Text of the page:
Figure 2 Axonal phenotypes analysis of human iPSC-derived spinal motor neurons in microfluidic devices. (A) Terminal axon representative images of FUSWT and FUSP525L MNs. (B) Immunostaining of TUBB3 (green) in wild-type and mutant FUS MNs allowed to recover for 30 hours after the trypsin treatment to induce axotomy. (C) Terminal axon representative images of FUSP525L transfected with the indicated siRNA pools. (D) Immunostaining of TUBB3 (green) in FUSP525L transfected with the indicated siRNA pools and allowed to recover for 30 hours after the trypsin treatment to induce axotomy. Modified from: Garone, M.G., Birsa, N., Rosito, M. et al. ALS-related FUS mutations alter axon growth in motoneurons and affect HuD/ELAVL4 and FMRP activity. Commun Biol 4, 1025 (2021). https://doi.org/10.1038/s42003-021-02538-8

Collectively, our work suggests that a mutation that impairs the nuclear localization of FUS may trigger a domino effect onto other RBPs in ALS motor neurons: HuD escapes from negative regulation by FMRP, and the resulting increased of HuD protein levels causes aberrant axon branching and growth phenotypes through NRN1.

 

Important scientific research is ongoing to elucidate the complex molecular mechanisms underlying ALS, and our work takes part in this effort.

Here, we provide insights into the molecular mechanisms involving neural RBPs and underlying ALS pathophysiology downstream of FUS mutations.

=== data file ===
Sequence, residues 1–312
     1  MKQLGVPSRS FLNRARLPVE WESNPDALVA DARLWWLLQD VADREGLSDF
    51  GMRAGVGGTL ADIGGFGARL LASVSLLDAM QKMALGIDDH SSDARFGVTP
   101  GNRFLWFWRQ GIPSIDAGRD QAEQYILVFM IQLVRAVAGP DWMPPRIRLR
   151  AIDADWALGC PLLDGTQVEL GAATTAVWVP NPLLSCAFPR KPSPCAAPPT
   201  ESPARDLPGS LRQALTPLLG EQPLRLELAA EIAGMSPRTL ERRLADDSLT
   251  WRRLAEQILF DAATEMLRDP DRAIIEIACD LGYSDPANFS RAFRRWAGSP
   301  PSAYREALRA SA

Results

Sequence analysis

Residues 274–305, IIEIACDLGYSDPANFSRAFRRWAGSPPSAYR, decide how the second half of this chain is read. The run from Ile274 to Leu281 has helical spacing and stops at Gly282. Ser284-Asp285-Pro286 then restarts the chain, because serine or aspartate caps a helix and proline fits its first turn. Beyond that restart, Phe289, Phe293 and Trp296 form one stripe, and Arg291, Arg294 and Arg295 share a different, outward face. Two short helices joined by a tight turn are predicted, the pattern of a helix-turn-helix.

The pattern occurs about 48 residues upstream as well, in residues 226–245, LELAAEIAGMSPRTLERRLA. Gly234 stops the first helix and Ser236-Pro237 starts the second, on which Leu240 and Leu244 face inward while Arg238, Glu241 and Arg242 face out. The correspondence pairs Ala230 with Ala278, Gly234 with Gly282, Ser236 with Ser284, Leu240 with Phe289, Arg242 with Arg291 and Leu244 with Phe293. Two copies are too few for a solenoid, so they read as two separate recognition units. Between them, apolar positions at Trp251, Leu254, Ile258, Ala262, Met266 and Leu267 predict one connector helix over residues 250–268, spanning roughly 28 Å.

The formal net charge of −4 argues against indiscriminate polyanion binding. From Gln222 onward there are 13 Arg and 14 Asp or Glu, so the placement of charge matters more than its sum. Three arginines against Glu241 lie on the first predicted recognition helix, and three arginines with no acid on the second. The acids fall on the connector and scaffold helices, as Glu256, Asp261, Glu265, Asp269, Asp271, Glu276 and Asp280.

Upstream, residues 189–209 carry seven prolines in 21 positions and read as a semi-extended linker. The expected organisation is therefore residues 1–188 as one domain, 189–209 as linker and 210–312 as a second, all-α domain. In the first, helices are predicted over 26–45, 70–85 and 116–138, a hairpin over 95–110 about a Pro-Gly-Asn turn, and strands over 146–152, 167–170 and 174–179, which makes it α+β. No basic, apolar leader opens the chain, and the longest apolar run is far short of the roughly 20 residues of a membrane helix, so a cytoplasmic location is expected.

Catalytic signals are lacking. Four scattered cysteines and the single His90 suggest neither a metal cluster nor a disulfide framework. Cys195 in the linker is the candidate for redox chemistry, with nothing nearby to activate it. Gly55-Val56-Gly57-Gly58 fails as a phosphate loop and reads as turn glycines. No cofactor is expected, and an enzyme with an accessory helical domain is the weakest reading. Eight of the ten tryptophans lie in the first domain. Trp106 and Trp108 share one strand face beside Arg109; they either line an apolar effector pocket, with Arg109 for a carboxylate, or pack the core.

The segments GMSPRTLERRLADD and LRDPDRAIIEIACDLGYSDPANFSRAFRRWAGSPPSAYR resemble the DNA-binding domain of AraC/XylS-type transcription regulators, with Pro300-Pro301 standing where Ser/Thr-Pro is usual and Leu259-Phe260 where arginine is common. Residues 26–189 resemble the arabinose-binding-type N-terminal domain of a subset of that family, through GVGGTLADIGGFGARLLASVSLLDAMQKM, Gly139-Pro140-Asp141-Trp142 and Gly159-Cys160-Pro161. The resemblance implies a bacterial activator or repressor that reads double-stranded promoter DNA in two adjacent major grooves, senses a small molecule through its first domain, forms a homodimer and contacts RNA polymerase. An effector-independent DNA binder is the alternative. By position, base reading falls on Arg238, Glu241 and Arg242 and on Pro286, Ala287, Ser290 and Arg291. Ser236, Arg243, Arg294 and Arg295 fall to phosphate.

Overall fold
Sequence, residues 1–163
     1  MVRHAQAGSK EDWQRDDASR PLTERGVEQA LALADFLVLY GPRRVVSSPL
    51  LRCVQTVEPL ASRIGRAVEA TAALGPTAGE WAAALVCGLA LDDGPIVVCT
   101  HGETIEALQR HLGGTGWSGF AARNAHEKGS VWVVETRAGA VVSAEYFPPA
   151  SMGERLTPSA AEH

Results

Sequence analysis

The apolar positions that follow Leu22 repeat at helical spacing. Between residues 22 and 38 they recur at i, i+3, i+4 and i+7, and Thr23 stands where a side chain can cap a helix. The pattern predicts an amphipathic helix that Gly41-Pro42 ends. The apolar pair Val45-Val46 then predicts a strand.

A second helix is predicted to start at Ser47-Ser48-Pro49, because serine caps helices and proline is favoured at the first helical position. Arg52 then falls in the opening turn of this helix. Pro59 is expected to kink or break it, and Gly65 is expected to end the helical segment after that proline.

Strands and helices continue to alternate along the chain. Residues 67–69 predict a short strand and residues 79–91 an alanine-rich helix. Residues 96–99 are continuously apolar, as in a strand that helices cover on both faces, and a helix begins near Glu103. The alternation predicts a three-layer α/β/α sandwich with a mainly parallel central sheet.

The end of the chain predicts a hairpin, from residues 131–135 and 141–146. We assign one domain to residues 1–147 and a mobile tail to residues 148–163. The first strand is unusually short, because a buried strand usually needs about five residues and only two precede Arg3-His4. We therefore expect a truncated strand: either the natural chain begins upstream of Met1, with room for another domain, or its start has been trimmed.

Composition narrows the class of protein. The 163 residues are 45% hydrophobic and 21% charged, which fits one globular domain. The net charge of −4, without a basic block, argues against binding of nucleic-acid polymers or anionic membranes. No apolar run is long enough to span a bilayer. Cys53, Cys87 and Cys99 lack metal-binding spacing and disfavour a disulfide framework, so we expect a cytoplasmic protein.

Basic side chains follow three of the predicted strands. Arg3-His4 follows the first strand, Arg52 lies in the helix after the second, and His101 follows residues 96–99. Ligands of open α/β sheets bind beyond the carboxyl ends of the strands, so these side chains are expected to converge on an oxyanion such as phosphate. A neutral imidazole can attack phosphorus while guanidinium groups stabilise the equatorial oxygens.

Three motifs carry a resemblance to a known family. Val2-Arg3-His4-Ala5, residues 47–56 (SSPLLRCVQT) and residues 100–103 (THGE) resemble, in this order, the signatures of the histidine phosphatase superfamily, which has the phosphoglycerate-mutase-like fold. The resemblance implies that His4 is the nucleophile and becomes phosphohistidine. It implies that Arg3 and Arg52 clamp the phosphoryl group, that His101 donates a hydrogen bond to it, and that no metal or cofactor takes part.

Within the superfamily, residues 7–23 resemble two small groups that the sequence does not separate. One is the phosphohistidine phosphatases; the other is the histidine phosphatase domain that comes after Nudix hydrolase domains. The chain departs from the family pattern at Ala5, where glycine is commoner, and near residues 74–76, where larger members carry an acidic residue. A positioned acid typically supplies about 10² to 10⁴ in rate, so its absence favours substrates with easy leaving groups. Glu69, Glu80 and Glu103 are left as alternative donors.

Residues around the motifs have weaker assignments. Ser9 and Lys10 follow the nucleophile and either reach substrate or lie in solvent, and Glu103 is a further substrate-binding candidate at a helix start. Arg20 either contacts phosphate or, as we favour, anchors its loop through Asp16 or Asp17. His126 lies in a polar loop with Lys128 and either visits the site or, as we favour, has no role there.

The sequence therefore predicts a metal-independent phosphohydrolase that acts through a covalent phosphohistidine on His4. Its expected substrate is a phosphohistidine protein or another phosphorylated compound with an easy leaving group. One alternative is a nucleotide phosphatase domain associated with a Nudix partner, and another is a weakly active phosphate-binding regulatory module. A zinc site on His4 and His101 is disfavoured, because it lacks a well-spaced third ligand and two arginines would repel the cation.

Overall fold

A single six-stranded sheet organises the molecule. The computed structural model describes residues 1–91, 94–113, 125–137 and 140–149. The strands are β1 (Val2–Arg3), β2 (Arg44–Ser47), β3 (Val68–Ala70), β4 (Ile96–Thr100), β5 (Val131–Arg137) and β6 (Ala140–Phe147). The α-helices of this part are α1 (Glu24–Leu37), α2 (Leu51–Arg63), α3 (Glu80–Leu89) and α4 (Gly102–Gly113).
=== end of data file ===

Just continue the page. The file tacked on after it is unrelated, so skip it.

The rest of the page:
As a result, our research, along with all other, will contribute to pinpoint potential therapeutic targets for the treatment of ALS.

By Maria Giovanna Garone and Alessandro Rosa

REFERENCES

  1. Brown RH Jr, Al-Chalabi A. Amyotrophic lateral sclerosis [letter]. (2017) N Engl J Med.377(16):1602.
  2. Dormann, D. et al. (2010) ALS-associated fused in sarcoma (FUS) mutations disrupt transportin-mediated nuclear import. EMBO J. 29, 2841–2857.
  3. Gerstberger S, Hafner M, Tuschl T. (2014) A census of human RNA-binding proteins. Nat Rev Genet. 15(12):829-45.
  4. Zhao M, Kim JR, van Bruggen R, Park J. (2018) RNA-Binding Proteins in Amyotrophic Lateral Sclerosis. Mol Cells. 41(9):818-829.
  5. De Santis, R. et al. (2017) FUS mutant human motoneurons display altered transcriptome and microRNA pathways with implications for ALS pathogenesis. Stem Cell Rep. 9, 1450–1462 (2017)
  6. De Santis, R. et al. (2019) Mutant FUS and ELAVL4 (HuD) aberrant crosstalk in amyotrophic lateral sclerosis. Cell Rep. 27, 3818–3831.
  7. Garone, M. G. et al. (2020) Proteomics analysis of FUS mutant human motoneurons reveals altered regulation of cytoskeleton and other ALS-linked proteins via 3’UTR binding. Sci. Rep. 10, 11827.
  8. Garone, M. G. et al. (2021) ALS-related FUS mutations alter axon growth in motoneurons and affect HuD/ELAVL4 and FMRP activity. Commun Biol 4, 1025. https://doi.org/10.1038/s42003-021-02538-8
  9. Garone M. G. et al. (2019) Conversion of human induced pluripotent stem cells (iPSCs) into functional spinal and cranial motor neurons using piggyBac vectors. J. Vis. Exp.
  10. De Santis, R. et al. (2018) Direct conversion of human pluripotent stem cells into cranial motor neurons using a piggyBac vector. Stem Cell Res. 29, 189–196.
  11. Birsa, N. et al. (2021) FUS-ALS mutants alter FMRP phase separation equilibrium and impair protein translation. Sci. Adv. 7, eabf8660.
  12. Javaherian A, Cline HT. (2005) Coordinated motor neuron axon growth and neuromuscular synaptogenesis are promoted by CPG15 in vivo. Neuron. 45(4):505-12.
  13. Yoo S. et al. (2013) A HuD-ZBP1 ribonucleoprotein complex localizes GAP-43 mRNA into axons through its 3' untranslated region AU-rich regulatory element. J Neurochem. 126(6):792-804.

Alessandro Rosa

Professor, Sapienza University of Rome